1 NOVEMBER 1963, Page 22

Brendan the Gab

Hold Your Hour, and Have Another. By Brendan Behan. (Hutchinson, 21s.)

THE dedication is to Brendan Behan's wife Beatrice (who is also responsible for the illus- trations, vaguely reminiscent of Ruthless Rhymes for Heartless Monies); coupled with hers I would have liked to have seen the name of Jim MacGuinness, the editor of the Irish Press, who, in 1954, commissioned the weekly column from which this selection was taken. The Press also employed Lennox Robinson, who had published little since he had been one of the mainstays of the Abbey Theatre between the wars; it was something of an achievement to persuade' two writers of such distinction, not to mention readability, to contribute to a journal which had previously been more noted for its devotion to the causes of Mr. de Valera than to its interest in the wider literary scene.

Behan was not unknown as a writer before. He had won a reputation as a poet in the Irish language, and had written some short stories, in- cluding one which I once came across, to my surprise, in a Left Bank magazine of. the early 1950s. But the theme (though not such as the editor of the Press would have cared to try out on his readers) was conventional, and the style undistinguished; it was not until these Press columns that the racy, deceptively casual, con- versational style began to emerge which was to be one of the strengths of Borstal Boy.

There are also early intimations of the weak- ness which has left Borstal Boy with no com- parable successor. A raconteur of genius can get away with anything, for a time; if his audiences are sufficiently entranced they will accept ancient gags, and whispered puns, as part of the act— which they may well be. When the gag or the pun (or the song-and-dance routine) is put in simply to fill up space, or stave off imminent boredom, it begins after a time to look thread- bare. In a newspaper column, though, padding is venial. It is enough if there are the occa- sional flashes—'she smiled reminiscently, or re- arranged her wrinkles; the nearest thing to a smile you ever saw'; or—of a sheep Behan had unsuccessfully chased on Timahoe Bog—'I'd know her, and I'd know the sixth generation of her, if I caught her looking up at me fforn a slab in Moore Street, ten years from now, if God leaves either one of us our health.' For those of us who were addicts at the time, too, it is pleasant to meet Mrs. Brennan again, and Crippen and Maria Concepta, not to mention that character familiar to generations of Dublin journalists, -whose story, to anybody who would stay long enough to listen, invariably came round to how `Bobs' had come up to him at Bloemfontein and said, `Wipe your bayonet,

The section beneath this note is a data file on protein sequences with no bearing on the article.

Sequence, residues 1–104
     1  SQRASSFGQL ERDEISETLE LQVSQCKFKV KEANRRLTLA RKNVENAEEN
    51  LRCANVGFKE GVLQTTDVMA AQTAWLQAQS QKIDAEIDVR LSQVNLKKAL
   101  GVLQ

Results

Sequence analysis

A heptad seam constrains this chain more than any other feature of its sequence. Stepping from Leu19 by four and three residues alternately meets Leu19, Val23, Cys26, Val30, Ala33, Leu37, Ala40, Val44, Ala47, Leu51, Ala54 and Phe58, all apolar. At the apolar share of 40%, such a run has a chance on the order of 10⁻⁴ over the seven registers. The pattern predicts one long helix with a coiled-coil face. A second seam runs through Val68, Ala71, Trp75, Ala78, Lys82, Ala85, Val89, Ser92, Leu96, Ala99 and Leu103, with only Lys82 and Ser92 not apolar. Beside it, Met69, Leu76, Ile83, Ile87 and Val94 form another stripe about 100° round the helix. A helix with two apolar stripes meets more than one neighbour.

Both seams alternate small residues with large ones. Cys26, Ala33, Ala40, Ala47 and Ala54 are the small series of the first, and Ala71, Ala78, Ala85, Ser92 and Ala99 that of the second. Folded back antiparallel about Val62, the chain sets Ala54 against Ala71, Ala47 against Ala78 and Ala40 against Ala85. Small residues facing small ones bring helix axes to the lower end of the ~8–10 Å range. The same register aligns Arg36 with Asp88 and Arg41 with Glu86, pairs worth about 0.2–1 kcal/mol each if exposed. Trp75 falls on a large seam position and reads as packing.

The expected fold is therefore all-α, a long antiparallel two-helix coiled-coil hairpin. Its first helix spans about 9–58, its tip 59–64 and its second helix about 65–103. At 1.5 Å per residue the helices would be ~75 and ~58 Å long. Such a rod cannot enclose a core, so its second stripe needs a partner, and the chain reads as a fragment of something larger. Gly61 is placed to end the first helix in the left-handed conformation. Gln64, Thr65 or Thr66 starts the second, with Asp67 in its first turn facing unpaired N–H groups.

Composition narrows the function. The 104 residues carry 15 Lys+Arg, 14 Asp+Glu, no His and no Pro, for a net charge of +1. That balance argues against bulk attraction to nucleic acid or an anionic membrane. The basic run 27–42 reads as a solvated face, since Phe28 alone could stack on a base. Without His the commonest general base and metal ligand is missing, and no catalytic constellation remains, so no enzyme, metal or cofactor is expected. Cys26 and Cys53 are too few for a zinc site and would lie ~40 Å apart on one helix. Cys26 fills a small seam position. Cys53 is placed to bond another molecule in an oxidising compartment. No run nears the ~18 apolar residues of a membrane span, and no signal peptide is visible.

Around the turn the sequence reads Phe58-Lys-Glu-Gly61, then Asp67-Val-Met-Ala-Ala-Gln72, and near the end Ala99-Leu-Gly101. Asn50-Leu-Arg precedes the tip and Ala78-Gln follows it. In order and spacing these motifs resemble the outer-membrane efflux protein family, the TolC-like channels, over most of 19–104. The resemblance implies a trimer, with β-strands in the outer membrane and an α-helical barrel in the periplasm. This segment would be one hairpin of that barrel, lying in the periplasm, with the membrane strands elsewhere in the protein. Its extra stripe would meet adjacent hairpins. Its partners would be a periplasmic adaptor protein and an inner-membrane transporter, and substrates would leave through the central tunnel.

Kinsella, you killed enough.' BRIAN meals